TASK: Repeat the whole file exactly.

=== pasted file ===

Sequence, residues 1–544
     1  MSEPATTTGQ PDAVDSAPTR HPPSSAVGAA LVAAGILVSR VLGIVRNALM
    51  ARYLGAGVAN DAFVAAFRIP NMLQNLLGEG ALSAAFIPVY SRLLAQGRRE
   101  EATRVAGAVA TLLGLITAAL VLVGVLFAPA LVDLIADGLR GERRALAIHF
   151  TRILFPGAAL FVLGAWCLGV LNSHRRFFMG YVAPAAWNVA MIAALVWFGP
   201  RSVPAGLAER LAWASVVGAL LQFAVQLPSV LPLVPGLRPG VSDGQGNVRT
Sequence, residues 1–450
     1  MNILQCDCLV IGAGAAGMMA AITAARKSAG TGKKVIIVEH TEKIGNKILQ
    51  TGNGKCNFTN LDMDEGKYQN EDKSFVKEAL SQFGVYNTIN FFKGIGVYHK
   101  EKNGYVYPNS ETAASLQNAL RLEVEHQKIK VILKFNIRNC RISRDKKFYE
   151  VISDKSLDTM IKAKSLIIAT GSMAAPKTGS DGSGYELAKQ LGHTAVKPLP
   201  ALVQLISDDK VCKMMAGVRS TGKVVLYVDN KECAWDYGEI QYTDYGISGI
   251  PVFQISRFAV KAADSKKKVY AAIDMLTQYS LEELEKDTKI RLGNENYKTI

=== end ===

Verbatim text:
Sequence, residues 1–544
     1  MSEPATTTGQ PDAVDSAPTR HPPSSAVGAA LVAAGILVSR VLGIVRNALM
    51  ARYLGAGVAN DAFVAAFRIP NMLQNLLGEG ALSAAFIPVY SRLLAQGRRE
   101  EATRVAGAVA TLLGLITAAL VLVGVLFAPA LVDLIADGLR GERRALAIHF
   151  TRILFPGAAL FVLGAWCLGV LNSHRRFFMG YVAPAAWNVA MIAALVWFGP
   201  RSVPAGLAER LAWASVVGAL LQFAVQLPSV LPLVPGLRPG VSDGQGNVRT
Sequence, residues 1–450
     1  MNILQCDCLV IGAGAAGMMA AITAARKSAG TGKKVIIVEH TEKIGNKILQ
    51  TGNGKCNFTN LDMDEGKYQN EDKSFVKEAL SQFGVYNTIN FFKGIGVYHK
   101  EKNGYVYPNS ETAASLQNAL RLEVEHQKIK VILKFNIRNC RISRDKKFYE
   151  VISDKSLDTM IKAKSLIIAT GSMAAPKTGS DGSGYELAKQ LGHTAVKPLP
   201  ALVQLISDDK VCKMMAGVRS TGKVVLYVDN KECAWDYGEI QYTDYGISGI
   251  PVFQISRFAV KAADSKKKVY AAIDMLTQYS LEELEKDTKI RLGNENYKTI